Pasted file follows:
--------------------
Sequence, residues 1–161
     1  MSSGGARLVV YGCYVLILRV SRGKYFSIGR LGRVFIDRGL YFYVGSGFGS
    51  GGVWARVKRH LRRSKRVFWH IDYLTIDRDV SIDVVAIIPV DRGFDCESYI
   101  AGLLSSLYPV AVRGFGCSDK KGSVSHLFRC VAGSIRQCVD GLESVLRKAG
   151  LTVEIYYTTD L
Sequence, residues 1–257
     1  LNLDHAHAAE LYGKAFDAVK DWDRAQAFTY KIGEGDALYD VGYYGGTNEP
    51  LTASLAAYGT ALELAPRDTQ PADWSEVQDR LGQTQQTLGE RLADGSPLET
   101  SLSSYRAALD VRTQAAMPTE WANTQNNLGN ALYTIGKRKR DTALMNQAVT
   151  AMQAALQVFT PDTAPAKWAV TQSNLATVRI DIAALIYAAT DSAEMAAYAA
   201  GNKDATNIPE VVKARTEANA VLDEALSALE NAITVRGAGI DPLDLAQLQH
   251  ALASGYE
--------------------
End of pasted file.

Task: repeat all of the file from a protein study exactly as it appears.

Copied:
Sequence, residues 1–161
     1  MSSGGARLVV YGCYVLILRV SRGKYFSIGR LGRVFIDRGL YFYVGSGFGS
    51  GGVWARVKRH LRRSKRVFWH IDYLTIDRDV SIDVVAIIPV DRGFDCESYI
   101  AGLLSSLYPV AVRGFGCSDK KGSVSHLFRC VAGSIRQCVD GLESVLRKAG
   151  LTVEIYYTTD L
Sequence, residues 1–257
     1  LNLDHAHAAE LYGKAFDAVK DWDRAQAFTY KIGEGDALYD VGYYGGTNEP
    51  LTASLAAYGT ALELAPRDTQ PADWSEVQDR LGQTQQTLGE RLADGSPLET
   101  SLSSYRAALD VRTQAAMPTE WANTQNNLGN ALYTIGKRKR DTALMNQAVT
   151  AMQAALQVFT PDTAPAKWAV TQSNLATVRI DIAALIYAAT DSAEMAAYAA
   201  GNKDATNIPE VVKARTEANA VLDEALSALE NAITVRGAGI DPLDLAQLQH
   251  ALASGYE